Design

Plants That Provide Structure in the Garden

Fine Gardening – Issue 203

In An Architectural Approach to Gardening, author, architect, and gardener Fred Bland explains how he moved from planning buildings to planning a garden:

“Although I am an architect, this was not my gardening path. Instead, I wanted to create a landscape where the plants themselves reigned supreme—not the hard edges of geometrical cleverness, with the plants playing a subservient role. The Architectural Designer Me continually duels with the Plant Collector Me, neither one ever winning. A balance of the two is rarely achieved in my observations of gardens, but this was my goal: a balance between the insatiable collector and the incurable designer. . . .

“Streets, squares, piazzas, gateways and portals, spheres and pylons, public streets with public buildings, hidden neighborhoods with private dwellings, axial urban vistas and curvilinear suburban geometries. This approach creates in my garden what many refer to as ‘bones,’ and it ensures four-season visual interest.” Read more.

“I see plants as buildings, and in order to create a successful and interesting city like New York, you need all types of buildings: skyscrapers, residential row houses, and low-slung factories. The following are some of my favorite plants for each type of architecture.” 

Residential row houses are generally medium-height perennials

‘Firetail’ persicaria (Persicaria amplexicaulis ‘Firetail’)
Photo: Steve Aitken

1. ‘Firetail’ persicaria (Persicaria amplexicaulis ‘Firetail’)

Zones: 4–7

Size: 3 to 4 feet tall and wide

Conditions: Full sun; moist, well-drained soil

Native range: Himalayas, China, Pakistan

oat’s beard (Aruncus dioicus)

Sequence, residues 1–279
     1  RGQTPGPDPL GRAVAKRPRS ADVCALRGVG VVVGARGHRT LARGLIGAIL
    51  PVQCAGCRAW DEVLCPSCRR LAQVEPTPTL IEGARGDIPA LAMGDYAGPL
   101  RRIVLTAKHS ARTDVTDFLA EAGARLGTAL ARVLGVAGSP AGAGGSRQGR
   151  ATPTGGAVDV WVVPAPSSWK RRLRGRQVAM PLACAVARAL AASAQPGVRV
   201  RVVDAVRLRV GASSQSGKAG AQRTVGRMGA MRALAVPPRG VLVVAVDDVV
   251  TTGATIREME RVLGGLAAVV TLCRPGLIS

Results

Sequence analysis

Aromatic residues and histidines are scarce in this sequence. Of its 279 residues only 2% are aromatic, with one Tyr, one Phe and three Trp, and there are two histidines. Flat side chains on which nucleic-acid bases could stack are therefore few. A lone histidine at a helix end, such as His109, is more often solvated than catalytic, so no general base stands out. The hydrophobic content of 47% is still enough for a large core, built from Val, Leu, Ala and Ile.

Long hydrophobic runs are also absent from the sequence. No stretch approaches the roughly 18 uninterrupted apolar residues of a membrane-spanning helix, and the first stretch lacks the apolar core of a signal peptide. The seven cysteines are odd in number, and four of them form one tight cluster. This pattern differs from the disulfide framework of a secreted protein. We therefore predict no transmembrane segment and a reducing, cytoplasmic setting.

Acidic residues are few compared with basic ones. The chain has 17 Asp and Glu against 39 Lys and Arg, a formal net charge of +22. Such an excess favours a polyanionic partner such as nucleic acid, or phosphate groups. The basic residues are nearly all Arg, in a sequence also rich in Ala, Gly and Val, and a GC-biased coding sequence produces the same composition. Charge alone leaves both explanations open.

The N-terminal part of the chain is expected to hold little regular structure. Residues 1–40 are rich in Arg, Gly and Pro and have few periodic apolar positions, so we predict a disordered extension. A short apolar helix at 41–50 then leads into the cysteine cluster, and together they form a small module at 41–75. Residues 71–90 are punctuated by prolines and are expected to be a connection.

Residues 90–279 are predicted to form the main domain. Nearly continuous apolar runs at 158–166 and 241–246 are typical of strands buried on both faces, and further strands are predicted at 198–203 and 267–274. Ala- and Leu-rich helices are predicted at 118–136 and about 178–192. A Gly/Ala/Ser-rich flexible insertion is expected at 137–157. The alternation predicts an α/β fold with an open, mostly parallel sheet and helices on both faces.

Photo: Michelle Gervais

2. Goat’s beard (Aruncus dioicus)

Zones: 4–8

Size: 4 to 6 feet tall and 2 to 4 feet wide 

Conditions: Full sun to partial shade; medium to wet soil

Native range: Temperate northern hemisphere

Hellebore (Helleborus spp. and cvs.)
Photo: Michelle Gervais

3. Hellebore (Helleborus spp. and cvs.)

Zones: 4–9

Size: 1 to 2½ feet tall and wide 

Conditions: Partial to full shade; well-drained soil

Native range: Turkey, Caucasus

 

Low-slung factories are represented by billowy perennials and ground covers

Wild ginger (Asarum canadense)
Photo: Kerry Ann Moore

4. Wild ginger (Asarum canadense)

Zones: 4–6

Size: 6 to 12 inches tall and 12 to 18 inches wide 

Conditions: Partial to full shade; moist, well-drained soil

Native range: Eastern North America

Epimedium (Epimedium spp. and cvs.)
Photo: Danielle Sherry

5. Epimedium (Epimedium spp. and cvs.)

Zones: 3–9

Size: 1 to 2 feet tall and 3 to 4 feet wide

Conditions: Partial to full shade; well-drained soil

Native range: Eastern Mediterranean to eastern Asia

‘Helen Von Stein’ lambs’ ears (Stachys byzantina ‘Helen von Stein’)
Photo: Michelle Gervais

6. ‘Helen Von Stein’ lambs’ ears (Stachys byzantina ‘Helen von Stein’)

Zones: 4–9

Size: 1 to 2 feet tall and 2 to 3 feet wide 

Conditions: Full sun; well-drained soil

Native range: Iran, Turkey, Armenia, Azerbaijan

 

Skyscrapers can be tall evergreen shrubs, small trees, or tall perennials

‘Sky Pencil’ Japanese holly (Ilex crenata ‘Sky Pencil’)
Photo: Danielle Sherry

7. ‘Sky Pencil’ Japanese holly (Ilex crenata ‘Sky Pencil’)

Zones: 6–8

Size: 6 to 10 feet tall and 1 to 3 feet wide

Conditions: Full sun to partial shade; moist, well-drained soil

Native range: Sakhalin Island, Japan, Korea

Variegated giant dogwood (Cornus controversa ‘Variegata’)
Photo: Michelle Gervais

8. Variegated giant dogwood (Cornus controversa ‘Variegata’)

Zones: 5–8

Size: 30 to 35 feet tall and wide

Conditions: Partial shade; moist, well-drained soil 

Native range: Himalayas, China, Korea, Japan 

Foxglove (Digitalis spp. and cvs.) 
Photo: Danielle Sherry

9. Foxglove (Digitalis spp. and cvs.) 

Zones: 4–8

Size: 2 to 5 feet tall and 1 to 2 feet wide 

Conditions: Full sun to partial shade; fertile, moist, well-drained soil

Native range: Europe

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